The Roadrunner’s not with them anymore either, you know. No. It’s gone. The boy had left so many years ago and that’s what’s really sad about the whole thing because it’s not like one could just walk away for a few years and then come back and things would be somehow the same.
Some while later he finds himself in bed, listening to the sounds of the desert. He rolls to his side and tries not to think. He can hear stray dogs barking. Maybe they’re not dogs; maybe they’re coyotes. There’re many coyotes to be found in the wide thirsty land between the Rez and Phoenix.
They sound a little like those hyenas on the nature documentaries, he thinks. Coyote – Coyote ….
There’s a song in that, somewhere. It doesn’t matter anymore, though, because the Roadrunner has come home and his wife is far, far away. On the road. The forever and ever road. Stretching away and away and away … and I’ve seen the future little Apache boy and everything turns out ALL RIGHT.
He’s asleep before he knows it.
These dunes, these hills of ancient dust – he remembers them well. The ranchers back in the day had been a surly lot, more than eager to shoot buckshot or rock salt into the backside of an errant Apache kid on a Yamaha 80 motorcycle. He supposes now that it hadn’t mattered if he’d been truly trespassing on their lands; the ranchers didn’t care for anyone riding around on their watch, their skin or not.
It’s too easy to fall into that trap, of bigotry. Not all the ranchers back then had been hateful, but then again, perhaps a good many were – are.
Oh, and now he can see Jinny McCabe’s old ranch. The Roadrunner doesn’t know if her family still owns it or not. Yes, he’s known many women since her and now, isn’t that funny? Beyond thousands of musical performances and venues, his dick in anything that moved in the backstage rooms and innumerable hotels strung between here and East Europe and Australia – why can’t he forget teenage Jinny McCabe? And, no, she’d never put her white hand in his, nor had she touched his lips with hers. Those years ago, the Roadrunner had only been a dim shadow occupying the out-of-the-way recesses of her sideways glance. He is and will always be an Apache and she the white daughter of an Arizona rancher. Anyhow, why does it seem that with all his fame and money that he can have any woman anywhere at any time – and yet, now, standing here overlooking her childhood ranch – why does he pine for the mere ghost of a girl he’d known only in his adolescence?
He’s stood there for a long while now, the western sun on his back, just like it’d been in the old days. Who lives down there in the ranch now?
The Roadrunner can’t recall ever seeing young Jinny McCabe in the yard of her ranch or the pens near the house when he’d been a teen sitting near this very same spot. She’d had brothers there too; he doesn’t remember much about them because they’d been older.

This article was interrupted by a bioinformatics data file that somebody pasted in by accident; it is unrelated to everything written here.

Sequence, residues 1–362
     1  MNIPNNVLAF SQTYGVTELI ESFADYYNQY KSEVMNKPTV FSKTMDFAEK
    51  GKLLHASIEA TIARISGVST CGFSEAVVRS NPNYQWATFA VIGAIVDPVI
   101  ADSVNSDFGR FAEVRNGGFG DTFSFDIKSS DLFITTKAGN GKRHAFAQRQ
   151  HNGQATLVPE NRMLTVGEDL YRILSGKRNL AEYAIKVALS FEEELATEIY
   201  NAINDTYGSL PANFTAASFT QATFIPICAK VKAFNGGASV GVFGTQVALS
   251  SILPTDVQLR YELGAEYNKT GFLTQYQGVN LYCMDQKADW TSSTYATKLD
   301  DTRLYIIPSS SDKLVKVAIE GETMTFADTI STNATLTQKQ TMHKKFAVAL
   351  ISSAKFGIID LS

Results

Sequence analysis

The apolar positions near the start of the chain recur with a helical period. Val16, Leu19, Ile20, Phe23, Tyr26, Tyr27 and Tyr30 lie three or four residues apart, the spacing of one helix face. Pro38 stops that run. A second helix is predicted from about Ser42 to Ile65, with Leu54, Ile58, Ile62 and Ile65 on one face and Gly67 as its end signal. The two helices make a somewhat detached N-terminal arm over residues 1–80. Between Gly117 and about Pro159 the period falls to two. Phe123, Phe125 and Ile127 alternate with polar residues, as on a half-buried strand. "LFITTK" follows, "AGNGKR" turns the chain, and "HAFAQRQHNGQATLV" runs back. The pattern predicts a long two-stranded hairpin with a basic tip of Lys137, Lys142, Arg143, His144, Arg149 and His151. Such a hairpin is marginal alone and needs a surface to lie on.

At his back, the sun moves toward lands far away, to where his wife is at the moment. Her culture – her people – isn’t Apache, but it isn’t the same as Jinny McCabe’s either.
Now, he can’t remember for certain, and the years of rock and roll fantasies and substance abuse have screwed reality around, but, didn’t Jinny McCabe once tell him that she’d wait forever?
Somehow the Roadrunner has made his way down the dunes to the drive of the old McCabe Ranch and he sees that the old name placard is gone but there’s nothing on the lone mailbox either.
The Roadrunner sticks his hands in his jeans pockets and walks away.
I’m the one
I’m the one
They warned you about
Ghost in the machine
Have no doubt
I’m the one they warned you about
The Roadrunner is mumbling their first hit song. Has it been so long ago? He grimaces, thinking how inane it sounds, rolling in his brain. It’s a tired old pop song now. It’s been in every goddamn music hall and venue and concert and radio station since … the old days … the days when it all was exciting and mattered. The days before reality caved in and one realizes they’ve become nothing but a high-priced whore with an electric guitar.
The Roadrunner, in his innocence, hadn’t known, not really, what Jinny meant to him back then. I’m the one they warned you about, Jinny. Pain and sadness but altogether PAIN. Pain dancing close to the fire, Roadrunner. But you can’t stay away from it.
It seems like someone is standing not far from the outer fence of the old McCabe Ranch.
The breeze, a soft and subtle touch of the Devil’s tongue, sweeps the white fluttering fabric around and it twists back on itself. It’s not her, after all: a tarp or a blanket or a plastic cover. No – it isn’t Jinny McCabe and her light blond hair. Rancher’s girl. Horse girl.
Oh, walls. Walls erected along paths of love kept forever the hopes of one so far away from his target. She’d never spoken to him at school even though they came close together once upon rare times when the universe was being cruel. He only a shadow to her, perhaps; a reservation kid who’d successfully lied about who he was and where he lived just so he could haunt the halls of public schools beyond his range.
That one time, though, he’s certain he’d seen her at her ranch.